West Side Story still packs a punch
This was my first time at the QE. I've never seen so many dressed up Vancouverites! It did this girl's heart good. We were early enough to be able to wander around the lobbies on the various levels and do some people watching. Somehow I figured I would spot a celebrity or two on opening night, but I didn't see any. I did, however, see some sartorial excellence. We did our part. Not quite floor-length gowns, but Sweetie was wearing a pretty and very complimentary purple dress while I went in my red "Mad Men" (as Sweetie calls it) dress, complete with faux pearl necklace.
For both of us, West Side Story is the greatest musical of all time. So I will try to make this a review. But let's just say that I had raccoon eyes by the end of the show (and probably well before that) because waterproof mascara is never as waterproof as it's supposed to be.
Overall, the production was brilliant. I think the strongest aspect was the dancing. Apparently, they were using Jerome Robbins's original choreography, and it was a real treat to see. The dancers were so strong! They really brought a thrilling visual element to scenes such as "Dance at the Gym" and the song "Cool."
Colin Ainsworth, who played Tony, has a gorgeous, strong tenor voice. Lucia Cesaroni, who played Maria, is a trained opera singer but kept it nicely toned down. Their duets worked very well despite the very different quality of their voices. Scott Augustine, who played Riff, is apparently mostly a dancer. His singing could definitely have been stronger. But the heart of the story is Anita, and Cleopatra Williams played and sang her brilliantly. Supporting the singers was a superb pit orchestra. Such a treat to have live instrumentation!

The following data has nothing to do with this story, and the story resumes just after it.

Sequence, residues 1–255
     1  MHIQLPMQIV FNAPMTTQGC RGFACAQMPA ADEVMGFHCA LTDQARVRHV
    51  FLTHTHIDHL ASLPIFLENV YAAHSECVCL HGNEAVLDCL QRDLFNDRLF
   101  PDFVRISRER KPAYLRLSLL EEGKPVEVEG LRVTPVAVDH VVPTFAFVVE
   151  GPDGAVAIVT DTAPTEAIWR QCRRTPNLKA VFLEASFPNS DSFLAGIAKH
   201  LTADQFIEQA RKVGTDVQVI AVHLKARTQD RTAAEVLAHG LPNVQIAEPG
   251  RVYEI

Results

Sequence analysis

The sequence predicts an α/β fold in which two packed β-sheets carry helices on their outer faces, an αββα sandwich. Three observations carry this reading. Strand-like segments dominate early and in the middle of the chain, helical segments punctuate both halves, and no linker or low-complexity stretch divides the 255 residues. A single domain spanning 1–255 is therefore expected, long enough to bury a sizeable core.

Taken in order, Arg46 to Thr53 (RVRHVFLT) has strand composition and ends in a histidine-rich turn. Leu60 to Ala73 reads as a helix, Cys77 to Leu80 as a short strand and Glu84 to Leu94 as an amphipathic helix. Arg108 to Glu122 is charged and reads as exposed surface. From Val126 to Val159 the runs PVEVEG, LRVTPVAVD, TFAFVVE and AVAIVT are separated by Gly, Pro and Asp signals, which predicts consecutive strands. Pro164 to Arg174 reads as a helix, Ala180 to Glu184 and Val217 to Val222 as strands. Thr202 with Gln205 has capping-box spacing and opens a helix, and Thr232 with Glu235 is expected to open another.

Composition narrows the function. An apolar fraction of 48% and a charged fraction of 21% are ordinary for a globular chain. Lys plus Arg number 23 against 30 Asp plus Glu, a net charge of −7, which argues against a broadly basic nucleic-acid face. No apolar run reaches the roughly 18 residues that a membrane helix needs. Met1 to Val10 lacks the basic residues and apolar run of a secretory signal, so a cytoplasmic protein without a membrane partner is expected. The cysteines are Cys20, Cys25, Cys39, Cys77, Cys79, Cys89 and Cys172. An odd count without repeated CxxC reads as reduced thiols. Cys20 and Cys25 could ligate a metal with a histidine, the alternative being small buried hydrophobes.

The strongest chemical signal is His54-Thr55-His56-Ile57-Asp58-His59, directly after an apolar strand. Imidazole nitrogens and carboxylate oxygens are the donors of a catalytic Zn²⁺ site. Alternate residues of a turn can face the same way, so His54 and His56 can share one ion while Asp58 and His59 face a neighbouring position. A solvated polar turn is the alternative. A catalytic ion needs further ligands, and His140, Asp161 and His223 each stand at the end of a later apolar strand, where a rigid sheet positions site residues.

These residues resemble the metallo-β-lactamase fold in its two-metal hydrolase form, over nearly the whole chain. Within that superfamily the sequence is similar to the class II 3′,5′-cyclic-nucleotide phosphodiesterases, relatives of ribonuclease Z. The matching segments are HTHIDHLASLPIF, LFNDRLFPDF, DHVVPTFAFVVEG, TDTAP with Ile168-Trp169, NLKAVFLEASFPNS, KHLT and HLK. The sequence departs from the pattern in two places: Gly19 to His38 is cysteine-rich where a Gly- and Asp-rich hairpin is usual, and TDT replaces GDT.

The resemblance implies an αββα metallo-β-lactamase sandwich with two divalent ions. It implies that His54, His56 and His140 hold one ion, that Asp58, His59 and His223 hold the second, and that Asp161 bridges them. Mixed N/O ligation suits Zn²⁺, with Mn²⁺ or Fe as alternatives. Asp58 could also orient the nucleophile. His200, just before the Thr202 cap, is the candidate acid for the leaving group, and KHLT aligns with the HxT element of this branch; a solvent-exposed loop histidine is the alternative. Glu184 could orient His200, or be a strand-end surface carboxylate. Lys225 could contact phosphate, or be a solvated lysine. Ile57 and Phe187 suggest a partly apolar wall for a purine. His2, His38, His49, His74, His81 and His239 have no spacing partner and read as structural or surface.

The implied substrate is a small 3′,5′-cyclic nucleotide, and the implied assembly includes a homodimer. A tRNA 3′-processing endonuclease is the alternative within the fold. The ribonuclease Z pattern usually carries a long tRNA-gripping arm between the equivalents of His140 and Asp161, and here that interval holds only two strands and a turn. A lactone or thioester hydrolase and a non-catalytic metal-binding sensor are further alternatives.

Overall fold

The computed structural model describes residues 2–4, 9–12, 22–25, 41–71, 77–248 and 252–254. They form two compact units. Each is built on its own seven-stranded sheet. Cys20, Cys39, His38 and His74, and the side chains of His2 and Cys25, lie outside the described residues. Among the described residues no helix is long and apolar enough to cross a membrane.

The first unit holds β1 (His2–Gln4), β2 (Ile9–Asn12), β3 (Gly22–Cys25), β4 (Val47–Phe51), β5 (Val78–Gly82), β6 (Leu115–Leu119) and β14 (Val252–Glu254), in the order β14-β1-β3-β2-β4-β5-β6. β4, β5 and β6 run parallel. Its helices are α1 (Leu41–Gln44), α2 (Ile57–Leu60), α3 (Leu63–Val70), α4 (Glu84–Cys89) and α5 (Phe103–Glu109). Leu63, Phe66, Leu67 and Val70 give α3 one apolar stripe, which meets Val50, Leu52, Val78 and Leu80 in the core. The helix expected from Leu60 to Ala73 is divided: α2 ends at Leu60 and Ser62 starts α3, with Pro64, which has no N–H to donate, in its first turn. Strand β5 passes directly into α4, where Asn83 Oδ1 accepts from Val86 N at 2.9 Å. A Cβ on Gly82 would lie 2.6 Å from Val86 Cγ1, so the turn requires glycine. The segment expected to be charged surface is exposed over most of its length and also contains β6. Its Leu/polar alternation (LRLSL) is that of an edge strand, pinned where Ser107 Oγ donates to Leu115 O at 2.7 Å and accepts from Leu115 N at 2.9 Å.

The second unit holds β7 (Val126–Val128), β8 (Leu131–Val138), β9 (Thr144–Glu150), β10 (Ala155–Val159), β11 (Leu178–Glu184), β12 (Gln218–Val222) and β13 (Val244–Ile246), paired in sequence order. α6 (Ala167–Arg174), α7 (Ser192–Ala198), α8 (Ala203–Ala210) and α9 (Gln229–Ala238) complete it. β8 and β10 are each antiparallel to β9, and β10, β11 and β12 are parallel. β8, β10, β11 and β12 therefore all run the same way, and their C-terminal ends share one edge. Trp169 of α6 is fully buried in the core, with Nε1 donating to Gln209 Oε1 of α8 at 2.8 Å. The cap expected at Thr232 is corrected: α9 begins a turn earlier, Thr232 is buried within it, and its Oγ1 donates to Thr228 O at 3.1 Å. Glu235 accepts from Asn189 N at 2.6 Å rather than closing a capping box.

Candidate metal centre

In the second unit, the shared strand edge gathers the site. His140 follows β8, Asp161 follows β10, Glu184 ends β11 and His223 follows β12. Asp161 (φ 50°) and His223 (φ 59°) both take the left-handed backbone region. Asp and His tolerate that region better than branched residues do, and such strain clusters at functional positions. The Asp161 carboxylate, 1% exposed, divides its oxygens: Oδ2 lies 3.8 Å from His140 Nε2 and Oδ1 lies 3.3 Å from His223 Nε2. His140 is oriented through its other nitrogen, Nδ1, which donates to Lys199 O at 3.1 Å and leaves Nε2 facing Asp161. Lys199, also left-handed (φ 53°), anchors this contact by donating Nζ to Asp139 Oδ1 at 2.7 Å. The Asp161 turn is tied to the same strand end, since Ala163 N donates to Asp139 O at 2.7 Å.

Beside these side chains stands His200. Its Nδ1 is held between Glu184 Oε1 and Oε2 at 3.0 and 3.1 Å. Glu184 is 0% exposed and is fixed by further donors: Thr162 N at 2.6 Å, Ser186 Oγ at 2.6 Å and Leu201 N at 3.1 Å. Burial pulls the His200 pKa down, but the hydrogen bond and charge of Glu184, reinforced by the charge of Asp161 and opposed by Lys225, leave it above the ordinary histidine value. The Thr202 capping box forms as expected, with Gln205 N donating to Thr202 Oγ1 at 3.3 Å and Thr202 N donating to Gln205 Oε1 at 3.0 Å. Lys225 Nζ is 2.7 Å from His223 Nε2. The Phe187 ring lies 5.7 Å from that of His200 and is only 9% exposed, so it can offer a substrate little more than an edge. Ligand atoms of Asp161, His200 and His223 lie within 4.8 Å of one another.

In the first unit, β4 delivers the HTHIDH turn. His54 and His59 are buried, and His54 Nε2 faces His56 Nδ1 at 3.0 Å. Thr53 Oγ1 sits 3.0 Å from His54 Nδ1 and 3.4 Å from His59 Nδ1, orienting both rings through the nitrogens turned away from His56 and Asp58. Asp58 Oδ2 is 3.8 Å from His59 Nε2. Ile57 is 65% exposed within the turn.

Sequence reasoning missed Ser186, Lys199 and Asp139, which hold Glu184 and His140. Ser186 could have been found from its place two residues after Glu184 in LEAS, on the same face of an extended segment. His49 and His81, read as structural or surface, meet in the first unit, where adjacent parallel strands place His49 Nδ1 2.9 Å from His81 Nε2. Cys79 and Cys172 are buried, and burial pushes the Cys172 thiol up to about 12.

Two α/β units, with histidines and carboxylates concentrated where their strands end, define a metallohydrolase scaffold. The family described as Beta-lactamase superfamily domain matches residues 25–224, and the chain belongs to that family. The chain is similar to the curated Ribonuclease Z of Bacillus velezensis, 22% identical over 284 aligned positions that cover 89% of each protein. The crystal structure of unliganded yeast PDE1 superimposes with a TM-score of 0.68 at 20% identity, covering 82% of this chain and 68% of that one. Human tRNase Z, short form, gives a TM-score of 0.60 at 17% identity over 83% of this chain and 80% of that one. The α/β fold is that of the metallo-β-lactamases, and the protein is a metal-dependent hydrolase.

The staging was stark, dark, and simple as it really must be. Various gang members (and Anybodys) climbed up and over a chain link fence. Kudos to the designer and builders of that piece of staging! The use of rolling stair-ladders was also excellent during Maria and Tony's "balcony scene" after the dance.
Kudos as well to whoever stepped in as Snowboy (I think it was Stephen Cota) and especially to Shawna Parry, who filled in as Anybodys. That is another pivotal role, and she did an excellent job.
Sweetie has the soundtrack memorized. I'm getting closer. We thoroughly enjoyed such crowd pleasers as "Tonight," "America," "I Feel Pretty," and "Gee, Officer Krupke." Tear ducts were fully in gear by the time Tony sang "Maria," partly because of the song and partly because of his beautiful voice. The "One Hand, One Heart" scene was wonderfully touching. And by the time Maria and Anita sang their duet "I Have a Love," I had completely lost it.
There are the edgy parts as well, mostly in small hints until the end. The fatal stabbings at the end of act one hit hard. And despite the stylization, the brutality of the scene at Doc's in which the Jets assault Anita was clear—and devastating. It's difficult for me even to write about it.
This was only my second time seeing West Side Story on stage. I have seen the film version more times than that, and for better or worse the film version sometimes gets stuck in my head. So I found that the dream-dance sequence that accompanies "Somewhere," with a recorded (originally off stage) song playing, for me undercut the emotional impact of that song. I'm usually a puddle when they sing "There's a place for us / Somewhere a place for us." In the film, I'm pretty sure that song is sung as a duet between Tony and Maria. I'm also pretty sure that the production I saw a few years ago at the Massey Theatre in New West went with something closer to the movie version, because I really was a puddle that time. So in this case, I think the film improves on the original staging. But maybe that's just me.
As well, it was definitely opening night. The first act was brilliant. The timing in the second act was not quite as smooth. Some things seemed to happen more quickly than they ought to have done. I'm sure they'll fix that as the show continues.
This West Side Story is a production well worth seeing. And I think the play still hits with devastating impact more than 50 years after it was first staged. No one talks that way anymore. Yet they still fight that way. It's just that the weapons are deadlier now.